The Party System and Conditions of Candidacy

Themes & Issues by Country

The Party System and Conditions of Candidacy

Burkina Faso

The legal framework for the creation of political parties in Burkina Faso is exceptionally liberal. The provisions governing political parties are incorporated into the highest level of regulations: the Constitution and the Law. According to Article 13 of the Constitution of Burkina Faso, “Political parties are freely created… They freely conduct their activities in compliance with the law. All political parties or political groups have equal rights and duties. However, parties or political groups based on tribalism, regionalism, religious affiliation or racism are not allowed.” The Constitution thus establishes a multiparty system and makes it unalterable, since Article 165 of the Constitution prohibits questioning the multiparty system. The freedom to create political parties is confirmed by the Political Parties Charter Act No 032-2001 of 29 November, 2001…

Chad

The multiparty system was suspended in Chad from 1963 to 1990. It was restored following the demise of Hissène Habré’s rule and Idriss Déby’s rise to power. The law 019/PR/2009, known as the Political Parties Charter, states in Article 4 that political parties shall be freely established and shall conduct their activities in compliance with the prevailing rules and regulations. These requirements include: respect of national sovereignty, the integrity of the national territory, national unity and democratic pluralism. Article 4 of the Charter in fact mirrors Article 4 of the Constitution which guarantees legally established political organizations the freedom to conduct their activities. A citizen or a group of citizens can freely take the initiative to establish a political party. However, the creation of a party needs to be formalized by convening a meeting of founding members…

Mali

In Mali the creation, the functioning, and the funding of political parties are determined by the Political Parties Charter. The Charter is a moral and legal framework for parties. There have been two Political Parties Charters in Mali, the 91-075/PCTSP of October 10, 1991 and the Law 05-047 of August 18, 2005, constituting the Political Parties Charter. According to the preamble of the current Charter, political parties fulfill a public service by democratically and peacefully contributing to the realization of people’s political will, and to the civic education of citizens and leaders who are destined to assume public responsibilities…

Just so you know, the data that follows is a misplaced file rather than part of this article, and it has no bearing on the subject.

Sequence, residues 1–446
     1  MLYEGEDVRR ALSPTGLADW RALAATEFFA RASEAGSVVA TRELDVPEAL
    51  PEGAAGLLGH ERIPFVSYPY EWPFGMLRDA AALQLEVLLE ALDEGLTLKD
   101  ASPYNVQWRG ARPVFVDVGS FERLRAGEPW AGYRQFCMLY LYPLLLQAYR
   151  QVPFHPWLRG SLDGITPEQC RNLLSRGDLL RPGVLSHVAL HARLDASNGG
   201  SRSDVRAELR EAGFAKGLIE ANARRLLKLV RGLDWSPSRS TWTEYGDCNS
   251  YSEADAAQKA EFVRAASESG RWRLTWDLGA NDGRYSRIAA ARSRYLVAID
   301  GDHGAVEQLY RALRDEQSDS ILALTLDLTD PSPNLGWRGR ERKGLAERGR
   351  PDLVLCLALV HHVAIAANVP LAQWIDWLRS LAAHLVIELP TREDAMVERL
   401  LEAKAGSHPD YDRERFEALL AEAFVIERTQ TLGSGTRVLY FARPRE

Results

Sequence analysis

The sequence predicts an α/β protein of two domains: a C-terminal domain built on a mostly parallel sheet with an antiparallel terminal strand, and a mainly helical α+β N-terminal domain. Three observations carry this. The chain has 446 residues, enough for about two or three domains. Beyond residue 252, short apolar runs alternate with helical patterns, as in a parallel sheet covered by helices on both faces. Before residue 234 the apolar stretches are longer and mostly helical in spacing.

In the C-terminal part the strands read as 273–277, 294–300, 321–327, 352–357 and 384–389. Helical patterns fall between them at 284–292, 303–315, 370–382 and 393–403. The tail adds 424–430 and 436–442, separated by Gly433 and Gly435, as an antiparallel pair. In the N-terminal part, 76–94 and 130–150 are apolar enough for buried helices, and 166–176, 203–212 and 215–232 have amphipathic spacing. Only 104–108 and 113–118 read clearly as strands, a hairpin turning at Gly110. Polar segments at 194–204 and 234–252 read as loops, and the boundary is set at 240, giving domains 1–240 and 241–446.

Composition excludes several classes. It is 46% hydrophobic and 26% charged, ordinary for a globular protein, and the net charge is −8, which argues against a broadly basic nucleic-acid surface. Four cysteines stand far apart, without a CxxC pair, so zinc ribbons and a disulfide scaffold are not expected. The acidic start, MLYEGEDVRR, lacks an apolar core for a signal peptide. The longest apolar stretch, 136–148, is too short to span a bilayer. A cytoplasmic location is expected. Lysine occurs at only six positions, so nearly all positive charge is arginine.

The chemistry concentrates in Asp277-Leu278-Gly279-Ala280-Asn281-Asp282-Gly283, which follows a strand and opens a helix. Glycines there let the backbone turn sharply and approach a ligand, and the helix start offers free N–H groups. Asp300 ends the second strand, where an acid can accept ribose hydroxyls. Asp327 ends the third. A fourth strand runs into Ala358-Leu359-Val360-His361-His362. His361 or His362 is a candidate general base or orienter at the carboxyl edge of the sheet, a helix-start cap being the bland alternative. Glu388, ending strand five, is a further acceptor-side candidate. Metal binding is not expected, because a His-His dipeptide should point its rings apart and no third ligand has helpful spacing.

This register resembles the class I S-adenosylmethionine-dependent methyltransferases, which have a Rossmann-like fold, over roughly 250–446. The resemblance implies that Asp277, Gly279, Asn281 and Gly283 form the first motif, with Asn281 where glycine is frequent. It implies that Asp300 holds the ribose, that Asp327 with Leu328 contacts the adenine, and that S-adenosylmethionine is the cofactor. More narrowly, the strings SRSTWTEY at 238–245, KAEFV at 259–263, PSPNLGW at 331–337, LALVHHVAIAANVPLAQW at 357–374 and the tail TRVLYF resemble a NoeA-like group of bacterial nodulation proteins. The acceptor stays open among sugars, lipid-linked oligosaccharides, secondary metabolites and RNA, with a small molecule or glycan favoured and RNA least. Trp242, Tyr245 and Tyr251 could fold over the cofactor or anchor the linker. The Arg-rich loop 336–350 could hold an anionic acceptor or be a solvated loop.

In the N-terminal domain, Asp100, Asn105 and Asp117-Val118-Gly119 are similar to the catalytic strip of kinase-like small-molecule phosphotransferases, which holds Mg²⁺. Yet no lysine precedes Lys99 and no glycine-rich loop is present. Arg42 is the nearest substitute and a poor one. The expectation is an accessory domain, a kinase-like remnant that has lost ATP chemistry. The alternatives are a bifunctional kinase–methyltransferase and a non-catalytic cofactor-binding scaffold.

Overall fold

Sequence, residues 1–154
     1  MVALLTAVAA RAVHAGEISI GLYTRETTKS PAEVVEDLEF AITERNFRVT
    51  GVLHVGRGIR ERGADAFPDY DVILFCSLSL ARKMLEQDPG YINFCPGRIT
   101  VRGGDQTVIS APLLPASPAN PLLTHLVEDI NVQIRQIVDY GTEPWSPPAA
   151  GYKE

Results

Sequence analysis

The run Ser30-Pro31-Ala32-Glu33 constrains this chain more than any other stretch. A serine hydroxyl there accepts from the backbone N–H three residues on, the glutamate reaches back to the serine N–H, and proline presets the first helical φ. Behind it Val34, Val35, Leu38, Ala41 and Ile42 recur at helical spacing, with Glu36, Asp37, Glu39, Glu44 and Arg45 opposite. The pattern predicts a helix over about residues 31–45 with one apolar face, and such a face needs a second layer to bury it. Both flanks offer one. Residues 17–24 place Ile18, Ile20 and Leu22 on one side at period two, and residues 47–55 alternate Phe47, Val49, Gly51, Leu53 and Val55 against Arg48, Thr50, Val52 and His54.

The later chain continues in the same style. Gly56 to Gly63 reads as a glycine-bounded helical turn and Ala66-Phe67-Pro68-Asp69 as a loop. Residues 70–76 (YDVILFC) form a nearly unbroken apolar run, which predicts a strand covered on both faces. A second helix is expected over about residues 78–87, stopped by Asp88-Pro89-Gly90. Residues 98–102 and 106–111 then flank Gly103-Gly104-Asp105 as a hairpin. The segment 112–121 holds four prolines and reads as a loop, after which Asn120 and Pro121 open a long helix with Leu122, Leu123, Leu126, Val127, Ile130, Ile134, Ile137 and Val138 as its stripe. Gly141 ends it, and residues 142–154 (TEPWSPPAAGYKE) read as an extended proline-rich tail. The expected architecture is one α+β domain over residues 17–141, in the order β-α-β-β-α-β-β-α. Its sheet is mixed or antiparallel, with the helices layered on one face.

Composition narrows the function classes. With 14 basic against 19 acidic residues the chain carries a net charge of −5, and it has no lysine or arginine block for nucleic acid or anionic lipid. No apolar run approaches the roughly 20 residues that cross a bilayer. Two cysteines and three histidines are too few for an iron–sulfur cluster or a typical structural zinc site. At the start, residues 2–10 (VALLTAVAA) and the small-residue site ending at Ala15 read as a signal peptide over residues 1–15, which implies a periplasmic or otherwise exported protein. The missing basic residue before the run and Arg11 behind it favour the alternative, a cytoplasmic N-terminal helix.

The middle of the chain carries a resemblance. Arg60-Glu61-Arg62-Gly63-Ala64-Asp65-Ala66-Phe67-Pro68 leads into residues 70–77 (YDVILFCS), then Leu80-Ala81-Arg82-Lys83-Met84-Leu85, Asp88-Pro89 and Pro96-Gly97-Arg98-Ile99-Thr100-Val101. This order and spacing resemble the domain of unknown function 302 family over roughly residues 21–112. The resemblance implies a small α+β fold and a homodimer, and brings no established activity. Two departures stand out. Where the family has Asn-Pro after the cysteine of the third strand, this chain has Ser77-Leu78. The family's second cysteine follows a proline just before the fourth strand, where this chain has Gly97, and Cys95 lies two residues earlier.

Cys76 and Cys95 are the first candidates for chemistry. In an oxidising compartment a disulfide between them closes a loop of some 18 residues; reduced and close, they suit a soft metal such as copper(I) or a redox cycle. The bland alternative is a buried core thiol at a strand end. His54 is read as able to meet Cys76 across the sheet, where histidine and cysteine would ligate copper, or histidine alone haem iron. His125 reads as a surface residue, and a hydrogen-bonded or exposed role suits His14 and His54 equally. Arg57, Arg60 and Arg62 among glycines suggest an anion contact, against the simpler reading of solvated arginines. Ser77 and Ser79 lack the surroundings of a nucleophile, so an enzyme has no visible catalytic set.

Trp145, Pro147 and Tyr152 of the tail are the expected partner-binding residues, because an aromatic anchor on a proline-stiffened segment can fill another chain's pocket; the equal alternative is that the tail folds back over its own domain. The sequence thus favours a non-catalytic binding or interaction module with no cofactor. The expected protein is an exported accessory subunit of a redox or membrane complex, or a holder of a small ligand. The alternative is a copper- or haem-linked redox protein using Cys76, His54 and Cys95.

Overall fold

Mauritania

The modified ordinance 91-024, passed on July 25, 1991, regulates political parties in Mauritania. Political parties are defined as associations of citizens pursuing common ideals and political objectives and participating in the political life of the country. For a political party to be legally established, it must file a declaration at the Ministry of Interior. The declaration consists of presenting to authorities a number of required documents (Article 8), after which the Ministry issues to the political party a certificate of declaration…

Niger

The political party system in Niger is determined by the Political Parties Charter. Three charters have been passed in (1991, 1999 and 2010). The Charter defines the rules and fundamental principles that govern the activities of political parties. The last Charter was established under the military transition regime by ordinance 2010-84, on December 16, 2010. The Charter determines the conditions under which political parties can be created, organized, and funded. It also details the operations of parties, their access to public media, and how they may create their own media…

Senegal

Following a short experience of a one-party system, from 1966 to 1974, Senegal restored political pluralism, but limited the number of authorized political parties to three, each representing a specific political current. This innovation was codified by the Law 76-01 of March 19, 1976, amending the Constitution. After this change, the Constitution was amended again to authorize a fourth political party (Law 78-60 of December 28, 1978). A multi-party system without any restrictions was finally instituted by the Law 81-17 of May 6 1981, early in Abdou Diouf’s presidency (Senegal’s second President). This piece of legislation amended the third article of the Constitution which limited the number of political parties, lifting all restrictions on number. With the introduction of an unrestricted multi-party system, every Senegalese citizen is free to create his or her own political party…